Champagne and warming winter soul foods

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As temperatures drop, it is time for the northern-most champagne region – Montagne de Reims – to take centre stage.

Its designation in the rich purple hue on la carte, our map is a nod to the dominance of red-skinned grapes used in the champagnes from this area; Pinot noir (41%) and Meunier grapes (34%), with some Chardonnay (25%).

You might be thinking, surely in winter we need a solid red wine, not a champagne, but champagnes from Montagne de Reims have a softer flavour profile as a result of being grown in earth where the characteristic chalk of the Champagne region is buried below a layer of topsoil.  Eventually on their journey the vine roots find the chalk but part of their profile comes from exposure to the varied combinations of the topsoil, clay, sand and silt as they work their way down.

The wines are elegant and refined, yet voluptuous enough to inspire thoughts of enjoying a glass or two in front of an open log fire.

Our taste in winter leans towards champagnes from producers such as Chartogne-Taillet, Huré Frères, Egly-Ouriet, Nicolas Maillart , Andre Clouet and are perfect for enjoying with winter soul foods such as rich stews, gratins, dark green vegetables, like broccoli and Brussels sprouts with lashings of butter or root vegetables roasted in olive oil.

If you’d like to try pairing champagne with warming winter food here are a few of our favourite recipes with champagne suggestions, bon appétit!

Chicken, Leek & Mushroom Pie

Pairing suggestion; Chartogne-Taillet Cuvée Sainte Anne NV

Serves 4


75 g butter
2 leeks, halved lengthwise and sliced
300g mushrooms
25g flour
300ml of store-bought chicken stock
300g cooked chicken (our Lemon Roast Chicken is perfect!), cut into bite    size cubes
75ml double cream
2 tbsp wholegrain mustard
small handful of tarragon
1 packet of Carême puff pastry, follow packet instructions
1 egg


Heat a third of the butter in a large sauté pan, cook the leeks until softened (approximately 10 minutes), remove from the pan and repeat with another third of the butter and the mushrooms. Heat the remaining butter in the same pan and once melted, stir in the flour and cook the paste for 1 minute. Then stir in the chicken stock a ladleful at a time and leave on a low heat to simmer for 5 minutes. Then stir in the chicken, leeks, mushrooms, cream and mustard into the sauce, add the tarragon and season with salt and ground black pepper. Spoon into a 20cm pie dish and leave to cool.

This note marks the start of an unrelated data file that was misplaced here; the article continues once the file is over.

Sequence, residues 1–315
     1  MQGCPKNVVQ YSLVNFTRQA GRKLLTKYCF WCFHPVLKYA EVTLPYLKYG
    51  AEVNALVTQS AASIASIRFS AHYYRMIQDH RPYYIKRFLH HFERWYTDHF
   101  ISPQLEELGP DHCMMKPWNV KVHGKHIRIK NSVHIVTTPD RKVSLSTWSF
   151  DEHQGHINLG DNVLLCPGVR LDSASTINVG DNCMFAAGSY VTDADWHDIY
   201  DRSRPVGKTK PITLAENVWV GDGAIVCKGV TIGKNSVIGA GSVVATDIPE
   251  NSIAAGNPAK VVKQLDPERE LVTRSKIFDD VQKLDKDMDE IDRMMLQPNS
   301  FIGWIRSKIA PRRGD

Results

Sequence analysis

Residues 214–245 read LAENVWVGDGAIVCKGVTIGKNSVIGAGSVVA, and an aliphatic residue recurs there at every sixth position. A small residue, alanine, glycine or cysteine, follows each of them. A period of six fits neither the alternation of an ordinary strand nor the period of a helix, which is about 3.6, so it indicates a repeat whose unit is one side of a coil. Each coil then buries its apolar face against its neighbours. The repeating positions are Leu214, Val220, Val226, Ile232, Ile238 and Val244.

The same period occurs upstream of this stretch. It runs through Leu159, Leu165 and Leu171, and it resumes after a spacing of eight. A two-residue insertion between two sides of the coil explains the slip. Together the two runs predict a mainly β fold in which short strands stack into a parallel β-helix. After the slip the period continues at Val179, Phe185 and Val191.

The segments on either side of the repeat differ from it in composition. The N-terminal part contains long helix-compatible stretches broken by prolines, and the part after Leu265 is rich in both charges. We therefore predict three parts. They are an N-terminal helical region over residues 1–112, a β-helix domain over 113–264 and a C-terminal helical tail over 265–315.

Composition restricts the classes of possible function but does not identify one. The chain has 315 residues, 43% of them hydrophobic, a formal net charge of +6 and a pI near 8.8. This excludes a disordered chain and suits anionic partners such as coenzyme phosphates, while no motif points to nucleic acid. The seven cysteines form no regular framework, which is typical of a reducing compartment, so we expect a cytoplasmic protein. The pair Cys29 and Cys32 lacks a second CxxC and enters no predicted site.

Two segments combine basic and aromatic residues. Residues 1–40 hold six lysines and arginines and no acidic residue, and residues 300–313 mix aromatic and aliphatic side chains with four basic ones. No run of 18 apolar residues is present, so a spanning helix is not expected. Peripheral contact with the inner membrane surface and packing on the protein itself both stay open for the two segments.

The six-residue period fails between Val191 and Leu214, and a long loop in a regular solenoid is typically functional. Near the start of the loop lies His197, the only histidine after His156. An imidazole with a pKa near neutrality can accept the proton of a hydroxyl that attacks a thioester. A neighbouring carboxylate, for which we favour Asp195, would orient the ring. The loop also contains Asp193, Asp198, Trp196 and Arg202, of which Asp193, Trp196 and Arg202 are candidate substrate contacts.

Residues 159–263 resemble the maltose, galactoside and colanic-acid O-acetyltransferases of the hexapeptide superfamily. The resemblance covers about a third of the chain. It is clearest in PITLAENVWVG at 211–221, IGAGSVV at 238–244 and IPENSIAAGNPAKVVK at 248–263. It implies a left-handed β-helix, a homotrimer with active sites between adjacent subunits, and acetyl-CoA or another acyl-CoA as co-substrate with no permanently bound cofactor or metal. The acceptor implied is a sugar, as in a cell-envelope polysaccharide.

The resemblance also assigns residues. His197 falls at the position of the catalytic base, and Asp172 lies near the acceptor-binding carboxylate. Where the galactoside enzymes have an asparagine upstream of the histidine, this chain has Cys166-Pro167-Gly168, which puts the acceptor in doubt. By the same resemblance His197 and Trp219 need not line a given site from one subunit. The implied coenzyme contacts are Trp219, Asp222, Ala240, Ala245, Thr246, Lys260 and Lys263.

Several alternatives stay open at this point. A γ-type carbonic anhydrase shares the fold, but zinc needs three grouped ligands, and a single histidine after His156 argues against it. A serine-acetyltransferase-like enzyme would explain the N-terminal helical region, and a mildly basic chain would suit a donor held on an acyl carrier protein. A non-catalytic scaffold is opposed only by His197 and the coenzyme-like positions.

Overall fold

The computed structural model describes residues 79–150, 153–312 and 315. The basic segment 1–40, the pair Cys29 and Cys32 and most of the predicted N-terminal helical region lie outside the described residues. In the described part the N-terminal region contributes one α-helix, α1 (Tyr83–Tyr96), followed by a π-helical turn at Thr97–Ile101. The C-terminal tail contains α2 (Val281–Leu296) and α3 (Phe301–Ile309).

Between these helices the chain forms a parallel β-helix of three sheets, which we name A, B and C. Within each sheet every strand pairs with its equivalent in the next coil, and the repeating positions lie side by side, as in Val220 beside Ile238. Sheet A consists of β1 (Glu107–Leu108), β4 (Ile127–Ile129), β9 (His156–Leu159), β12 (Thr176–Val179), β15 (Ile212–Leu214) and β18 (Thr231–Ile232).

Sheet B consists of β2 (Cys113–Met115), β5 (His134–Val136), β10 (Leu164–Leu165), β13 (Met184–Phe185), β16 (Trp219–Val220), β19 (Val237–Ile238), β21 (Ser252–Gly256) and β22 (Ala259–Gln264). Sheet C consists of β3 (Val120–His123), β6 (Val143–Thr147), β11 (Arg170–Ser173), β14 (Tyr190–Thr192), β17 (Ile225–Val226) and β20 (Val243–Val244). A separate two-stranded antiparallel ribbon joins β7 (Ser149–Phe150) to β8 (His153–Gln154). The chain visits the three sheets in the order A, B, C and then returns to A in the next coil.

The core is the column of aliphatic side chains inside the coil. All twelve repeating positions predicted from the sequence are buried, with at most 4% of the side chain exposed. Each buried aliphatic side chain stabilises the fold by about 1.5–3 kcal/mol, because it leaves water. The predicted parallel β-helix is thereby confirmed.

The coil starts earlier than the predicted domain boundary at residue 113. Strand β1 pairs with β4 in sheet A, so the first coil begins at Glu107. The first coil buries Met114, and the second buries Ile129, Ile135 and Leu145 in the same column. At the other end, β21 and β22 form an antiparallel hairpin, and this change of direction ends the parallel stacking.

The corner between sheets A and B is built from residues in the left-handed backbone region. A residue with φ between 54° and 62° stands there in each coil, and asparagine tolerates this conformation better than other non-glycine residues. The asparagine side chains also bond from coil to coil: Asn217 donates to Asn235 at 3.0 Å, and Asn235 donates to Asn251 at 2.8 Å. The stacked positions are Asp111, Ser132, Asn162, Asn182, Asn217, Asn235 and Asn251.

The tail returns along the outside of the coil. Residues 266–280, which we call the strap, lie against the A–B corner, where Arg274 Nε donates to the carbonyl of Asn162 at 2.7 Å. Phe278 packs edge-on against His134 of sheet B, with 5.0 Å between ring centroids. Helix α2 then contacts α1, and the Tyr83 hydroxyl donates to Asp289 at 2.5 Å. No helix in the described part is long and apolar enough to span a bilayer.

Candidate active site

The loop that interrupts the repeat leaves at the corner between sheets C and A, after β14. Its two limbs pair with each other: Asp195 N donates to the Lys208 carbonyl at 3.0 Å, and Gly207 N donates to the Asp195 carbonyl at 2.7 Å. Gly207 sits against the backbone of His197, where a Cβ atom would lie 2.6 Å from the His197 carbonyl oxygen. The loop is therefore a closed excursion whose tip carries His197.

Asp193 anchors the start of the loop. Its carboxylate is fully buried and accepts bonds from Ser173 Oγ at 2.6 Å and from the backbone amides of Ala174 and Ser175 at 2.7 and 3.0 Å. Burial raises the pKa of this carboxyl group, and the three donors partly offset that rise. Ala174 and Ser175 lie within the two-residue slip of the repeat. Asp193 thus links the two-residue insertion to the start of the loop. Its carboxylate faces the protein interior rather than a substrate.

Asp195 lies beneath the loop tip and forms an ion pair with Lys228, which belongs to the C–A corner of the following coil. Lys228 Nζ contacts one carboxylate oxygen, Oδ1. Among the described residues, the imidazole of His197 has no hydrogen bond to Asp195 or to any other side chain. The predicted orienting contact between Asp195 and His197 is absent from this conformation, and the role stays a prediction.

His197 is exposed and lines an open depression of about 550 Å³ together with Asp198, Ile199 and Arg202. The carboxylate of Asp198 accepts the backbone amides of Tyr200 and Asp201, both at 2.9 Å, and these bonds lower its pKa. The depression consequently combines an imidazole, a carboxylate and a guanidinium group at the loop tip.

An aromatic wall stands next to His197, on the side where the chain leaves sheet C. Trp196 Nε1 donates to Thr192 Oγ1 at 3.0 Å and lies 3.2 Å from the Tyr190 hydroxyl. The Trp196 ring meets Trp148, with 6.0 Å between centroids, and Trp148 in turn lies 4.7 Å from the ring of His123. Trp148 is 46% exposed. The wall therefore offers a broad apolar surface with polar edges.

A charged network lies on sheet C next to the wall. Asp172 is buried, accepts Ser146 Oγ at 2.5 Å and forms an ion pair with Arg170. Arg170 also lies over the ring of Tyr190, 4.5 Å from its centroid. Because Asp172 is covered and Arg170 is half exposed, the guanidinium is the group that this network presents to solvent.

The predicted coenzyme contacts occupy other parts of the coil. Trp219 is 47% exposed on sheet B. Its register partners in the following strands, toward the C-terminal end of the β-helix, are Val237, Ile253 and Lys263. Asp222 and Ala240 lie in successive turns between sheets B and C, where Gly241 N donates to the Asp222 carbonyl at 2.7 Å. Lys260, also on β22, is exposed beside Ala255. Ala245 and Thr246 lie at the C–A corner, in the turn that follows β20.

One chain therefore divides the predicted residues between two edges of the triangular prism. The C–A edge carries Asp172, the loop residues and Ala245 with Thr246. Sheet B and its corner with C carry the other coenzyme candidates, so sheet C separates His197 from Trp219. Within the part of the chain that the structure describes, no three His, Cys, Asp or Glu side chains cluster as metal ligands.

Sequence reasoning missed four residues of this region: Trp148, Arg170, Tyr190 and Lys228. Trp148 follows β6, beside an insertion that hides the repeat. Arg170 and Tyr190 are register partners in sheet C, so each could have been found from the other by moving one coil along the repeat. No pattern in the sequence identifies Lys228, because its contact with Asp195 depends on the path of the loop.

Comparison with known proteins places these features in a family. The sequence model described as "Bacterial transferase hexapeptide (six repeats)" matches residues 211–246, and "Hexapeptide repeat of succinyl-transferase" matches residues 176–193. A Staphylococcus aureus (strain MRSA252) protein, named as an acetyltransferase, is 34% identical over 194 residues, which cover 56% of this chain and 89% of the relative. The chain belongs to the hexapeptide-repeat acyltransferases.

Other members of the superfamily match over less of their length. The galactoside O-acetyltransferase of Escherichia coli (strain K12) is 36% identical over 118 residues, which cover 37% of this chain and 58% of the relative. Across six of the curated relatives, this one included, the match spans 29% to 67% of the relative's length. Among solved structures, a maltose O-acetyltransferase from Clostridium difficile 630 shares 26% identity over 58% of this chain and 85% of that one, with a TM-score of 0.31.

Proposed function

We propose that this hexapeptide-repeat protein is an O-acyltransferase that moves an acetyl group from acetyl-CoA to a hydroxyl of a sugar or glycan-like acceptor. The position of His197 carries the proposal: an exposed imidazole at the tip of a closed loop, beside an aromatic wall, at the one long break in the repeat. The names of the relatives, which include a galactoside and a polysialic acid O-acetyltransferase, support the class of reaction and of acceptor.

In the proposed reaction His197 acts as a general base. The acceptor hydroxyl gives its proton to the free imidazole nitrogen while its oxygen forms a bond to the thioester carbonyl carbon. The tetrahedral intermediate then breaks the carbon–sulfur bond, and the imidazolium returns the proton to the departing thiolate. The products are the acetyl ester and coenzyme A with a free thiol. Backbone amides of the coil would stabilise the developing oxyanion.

Heat oven to 190C (fan). Lay the pre-rolled puff pastry on top of the pie and trim to just slightly larger than the pie dish. Crimp the edges of the pastry, pressing gently into the edge of the dish. Mix egg with a pinch of salt to make egg wash. Brush the pastry with the eggwash. Bake for about 1 hour or until the pastry is golden. 

Adapted from a BBC Good Food recipe, with thanks.


Sally’s Lamb Shanks Provençal 

Pairing suggestion; Nicolas Maillart Les Jolivettes 2015

Serves 6


12 lamb shanks
3 large onions, cut in half crosswise
6 carrots, peeled and left whole
3 whole bulbs garlic, cut in half crosswise
1 bottle of Pinot noir
750ml beef stock
2 tablespoons tomato paste
2 tablespoons brown sugar
3 bayleaves
2 sprigs fresh rosemary


Preheat oven to 220’C.
Put shanks and onion halves in large roasting dish and roast for 20 minutes, turning occasionally, until brown.
Reduce heat to 180’C.
Add remaining ingredients. Cover and cook at 180’C for 3 hours or until very tender.
Remove shanks, garlic, onions and carrots from roasting dish and keep warm. Skim off any fat and reduce liquid by boiling rapidly. Keep reducing liquid to sauce consistency or thicken with 1 tablespoon arrowroot mixed with a little cold water.
Serve 2 shanks per person with vegetables and sauce poured over accompanied by lashings of buttery mash.


Potato Dauphinoise 

Pairing suggestion; Huré Frères Insouciance Rosé NV

Serves 8                                                                                                                                              


8 waxy potatoes, peeled
40g butter
2 cloves of garlic, very thinly sliced
freshly ground black pepper
freshly grated nutmeg (optional)
1 teaspoon plain flour
200ml cream
400ml boiling milk


Preheat oven to 200C.

Slice potatoes thinly. Using half the butter, grease a gratin dish. Arrange potato in overlapping rows, seasoning as you go with garlic, salt, pepper and nutmeg. Mix flour into cream, then add a little of the milk and stir. Add remaining milk and mix well. Pour over gratin evenly and carefully, so that potato is not disturbed and dot with remaining butter. Bake for 1 hour. If the gratin seems to be browning too quickly, put it lower down in the oven or cover it with foil, or both.

Serve with a green salad for a delicious lunch.

Recipe from The Cook’s Companion by Stephanie Alexander, with thanks.


Sally’s Rack of Lamb, with a quick pan sauce                                  

Pairing suggestion; Andre Clouet Rosé No.3

Serves 4


3 French-trimmed, 4 point racks of lamb
Salt flakes
Black pepper, freshly ground
glass of light red wine
1 cup vegetable stock
1 tablespoon thyme leaves


Take meat out of the fridge about 30 minutes prior to starting your cook and allow it to come to room temperature. Preheat oven to 220C.

Season the meat generously with Murray River salt flakes and ground black pepper. Seal the racks in a hot oven-proof frying pan until golden all over. Roast for 15 minutes in preheated oven then remove lamb racks from pan, retaining the pan juices, and allow the lamb to rest, covered for 15 minutes.

Deglaze the oven-proof pan with a glass of red wine and add the stock and thyme leaves, bring to boil and allow to reduce by a third.

Slice racks and serve 3 points per guest with sauce, potato dauphinoise and steamed green beans.